Race three for BTCC always provides action, with a number of cars getting reversed on the grid. The lucky draw sees a car that finished sixth to tenth in race two get pole position, and this time, Alex MacDowall in his Chevrolet who finished ninth would start from the front row of the grid alongside Tony Gilham. Tom Onslow-Cole looked to take Team AmD Milltek’s best result to date, having finished seventh in race two meaning he started third for the last race, whilst Shedden looked to make up for a disappointing day starting fourth.

Once again, the race got off to a destructive start, with Dave Newsham getting spun on to the grass by Jeff Smith. Newsham would then collect an innocent Tony Hughes in his new Toyota Avensis, terminally damaging his car. Newsham would continue for a few laps at the back with damage to his car before retiring. At the front there was further carnage, as after making a great start and briefly leading, Onslow-Cole was hit at Redgate by Gilham, Gilham then spinning back and getting hit by Rob Collard. That allowed Alex MacDowall a gap as another incident occurred in to Old Hairpin again. A chain reaction started off with Jackson hitting Nash who hit Chilton who then hit Onslow-Cole. Chilton was stuck in the gravel, whilst Onslow-Cole’s VW which had taken two hits in the space of about 3 corners would retire in to the pits at the end of the lap with broken rear suspension. Unsurprisingly, after this chaos, the safety car was called for yet again.

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On lap 5 the race got under way again, the top five being MacDowall, Jackson who’d come from tenth to second, Neal, Jordan and Andy Neate, Chilton’s team mate who was having his best run since coming back in to the series last year. Straight away, Jackson was soon able to get past the Silverline Chevrolet and disappear up the track whilst Neal was under pressure from the flying Andy Jordan. Jordan got past the Honda on lap 7. A lap later, Neate’s great run started to go wrong, as he defended against Nash at Redgate when the silver and black Vauxhall was already clearly alongside him. Neate was sent in to a half spin, but would carry on after losing a couple of places.

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Shedden, having taken damage at the start finished off a disappointing day by retiring into the pits on lap 9 with a broken front splitter whilst his team mate lost a place to Nash. Whilst that was going on, team mates John George and Paul O’Neill made the smallest contact going in to Old Hairpin as O’Neill tried to pass, but it was enough for George to be sent off and go for a quick spin before rejoining towards the back of the pack.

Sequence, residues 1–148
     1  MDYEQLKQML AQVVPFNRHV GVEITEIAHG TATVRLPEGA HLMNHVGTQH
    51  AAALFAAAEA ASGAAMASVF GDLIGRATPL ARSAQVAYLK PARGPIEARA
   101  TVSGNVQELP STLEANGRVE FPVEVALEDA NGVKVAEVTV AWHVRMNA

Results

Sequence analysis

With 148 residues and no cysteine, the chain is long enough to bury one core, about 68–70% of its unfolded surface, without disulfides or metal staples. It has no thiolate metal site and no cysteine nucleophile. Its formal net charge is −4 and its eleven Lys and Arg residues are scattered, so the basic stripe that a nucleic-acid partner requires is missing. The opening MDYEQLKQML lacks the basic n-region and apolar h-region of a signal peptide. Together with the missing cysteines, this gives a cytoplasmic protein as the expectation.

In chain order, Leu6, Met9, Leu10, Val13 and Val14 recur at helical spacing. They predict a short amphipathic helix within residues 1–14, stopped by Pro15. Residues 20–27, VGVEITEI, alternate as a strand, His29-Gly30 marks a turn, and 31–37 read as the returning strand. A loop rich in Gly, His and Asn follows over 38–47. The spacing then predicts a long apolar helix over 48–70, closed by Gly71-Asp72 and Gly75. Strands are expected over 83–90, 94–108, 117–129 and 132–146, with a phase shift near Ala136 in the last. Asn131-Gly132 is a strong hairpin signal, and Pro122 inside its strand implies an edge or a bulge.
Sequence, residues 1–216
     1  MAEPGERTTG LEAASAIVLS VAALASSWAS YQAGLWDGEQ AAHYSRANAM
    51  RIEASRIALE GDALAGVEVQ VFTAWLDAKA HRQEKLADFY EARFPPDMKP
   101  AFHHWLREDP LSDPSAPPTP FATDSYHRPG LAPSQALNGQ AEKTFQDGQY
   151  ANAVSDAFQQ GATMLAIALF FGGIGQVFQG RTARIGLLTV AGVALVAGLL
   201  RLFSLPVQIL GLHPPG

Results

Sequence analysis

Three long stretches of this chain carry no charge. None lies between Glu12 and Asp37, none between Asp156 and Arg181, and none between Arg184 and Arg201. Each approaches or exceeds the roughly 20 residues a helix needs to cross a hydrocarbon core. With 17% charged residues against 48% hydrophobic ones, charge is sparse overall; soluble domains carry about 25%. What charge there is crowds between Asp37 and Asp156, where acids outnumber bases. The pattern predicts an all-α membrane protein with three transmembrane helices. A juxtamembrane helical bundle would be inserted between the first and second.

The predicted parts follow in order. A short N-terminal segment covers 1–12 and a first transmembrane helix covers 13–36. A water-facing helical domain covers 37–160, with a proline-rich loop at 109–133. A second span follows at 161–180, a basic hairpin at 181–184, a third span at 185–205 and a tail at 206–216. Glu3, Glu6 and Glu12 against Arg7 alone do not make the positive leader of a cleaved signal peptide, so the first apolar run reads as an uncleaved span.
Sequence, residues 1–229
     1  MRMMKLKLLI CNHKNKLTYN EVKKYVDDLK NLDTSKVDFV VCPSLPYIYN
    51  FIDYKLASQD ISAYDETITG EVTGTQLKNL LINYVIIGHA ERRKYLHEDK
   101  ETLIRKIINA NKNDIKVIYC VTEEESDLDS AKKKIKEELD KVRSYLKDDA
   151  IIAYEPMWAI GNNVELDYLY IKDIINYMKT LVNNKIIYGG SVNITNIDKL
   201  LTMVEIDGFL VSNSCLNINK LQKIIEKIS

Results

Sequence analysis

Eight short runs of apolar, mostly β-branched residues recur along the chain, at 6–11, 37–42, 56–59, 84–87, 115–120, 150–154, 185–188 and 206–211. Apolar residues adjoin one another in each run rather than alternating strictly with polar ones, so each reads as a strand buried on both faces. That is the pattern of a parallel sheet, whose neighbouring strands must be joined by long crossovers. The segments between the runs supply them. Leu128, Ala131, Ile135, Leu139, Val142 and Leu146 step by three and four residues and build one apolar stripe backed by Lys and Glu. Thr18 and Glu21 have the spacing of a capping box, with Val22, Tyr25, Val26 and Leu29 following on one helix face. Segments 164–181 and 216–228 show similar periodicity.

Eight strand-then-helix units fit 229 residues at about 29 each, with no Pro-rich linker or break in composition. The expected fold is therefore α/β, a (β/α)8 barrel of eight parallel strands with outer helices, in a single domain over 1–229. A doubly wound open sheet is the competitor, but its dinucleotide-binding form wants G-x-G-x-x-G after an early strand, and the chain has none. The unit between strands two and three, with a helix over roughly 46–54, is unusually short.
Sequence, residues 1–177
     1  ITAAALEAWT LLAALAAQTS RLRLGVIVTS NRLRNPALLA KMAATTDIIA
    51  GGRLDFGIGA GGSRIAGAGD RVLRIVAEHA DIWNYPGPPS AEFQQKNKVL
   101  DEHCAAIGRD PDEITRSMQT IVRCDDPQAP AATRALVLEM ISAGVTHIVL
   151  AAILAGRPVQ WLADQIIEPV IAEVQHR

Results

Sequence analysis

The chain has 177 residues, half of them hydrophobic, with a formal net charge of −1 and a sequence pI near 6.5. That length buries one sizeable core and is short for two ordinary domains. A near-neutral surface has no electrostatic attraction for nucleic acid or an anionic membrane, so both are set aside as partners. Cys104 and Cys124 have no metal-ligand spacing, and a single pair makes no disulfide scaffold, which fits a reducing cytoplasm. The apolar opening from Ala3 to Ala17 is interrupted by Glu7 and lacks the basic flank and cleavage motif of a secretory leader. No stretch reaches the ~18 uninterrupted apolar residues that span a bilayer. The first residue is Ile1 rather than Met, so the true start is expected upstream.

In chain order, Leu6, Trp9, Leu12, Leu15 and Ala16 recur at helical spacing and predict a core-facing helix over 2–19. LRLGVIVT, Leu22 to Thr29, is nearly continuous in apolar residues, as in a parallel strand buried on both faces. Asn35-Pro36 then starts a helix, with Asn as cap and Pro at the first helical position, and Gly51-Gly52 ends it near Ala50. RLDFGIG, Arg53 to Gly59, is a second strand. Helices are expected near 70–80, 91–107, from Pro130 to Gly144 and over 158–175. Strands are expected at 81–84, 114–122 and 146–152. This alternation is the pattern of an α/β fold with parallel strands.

On lap 10, MacDowall began to go backwards after he was passed by Jordan. He’d soon be passed by Nash a couple of laps later, the turbo charged Vauxhalls proving too fast for the Chevy and Mat Jackson’s Ford proving too fast for all three. Before that happened though, Neal delighted the huge crowd with a fantastic overtake of Smith, who had surprised everyone by passing the double champion, in to Redgate whilst using the lapped Toyota Avensis of Frank Wrathall. It was a move that showed his desire to get a third title before his big rival Jason Plato does.

The Neal/Smith tussle continued for quite a few laps, Neal evidently struggling with a damaged car allowing Smith to escape. Meanwhile, another two car battle between Gilham and Plato was catching them, Plato showing his frustrating by clumsily hitting Gilham into the chicane, before Gilham soon got by Neal.

Redgate saw more action on lap 17, as O’Neill sent the damaged Rob Collard in to a spin, a move some saw as retaliation for their race two incident. Later on that lap, Plato made a much cleaner move down into the chicane as he passed Neal, a move that was met with roars of delight by the crowd in appreciation of the hard work Jason’s crew had put in to get the wreck of a car from race two ready for race three.

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Meanwhile, Smith and Gilham had caught up to the back of Neate and on the last lap of the race, contact followed. Smith had managed to get by Neate, and as Gilham had tried to follow him through on the run up to McLeans, Neate had shut the door. The contact sent Neate flying off into the barriers at high speed, whilst Gilham spun off a few corners later with broken suspension. Thankfully Neate soon got out of his car and the displeasure was evident on his face after losing potential points from what had been a solid race for him. At the end of another incredibly eventful race, Jackson won at his home race, whilst Jordan and Nash completed very strong days to take the other podium places. Plato recovered to sixth place, 5 points being little reward for the effort his RML crew had put in.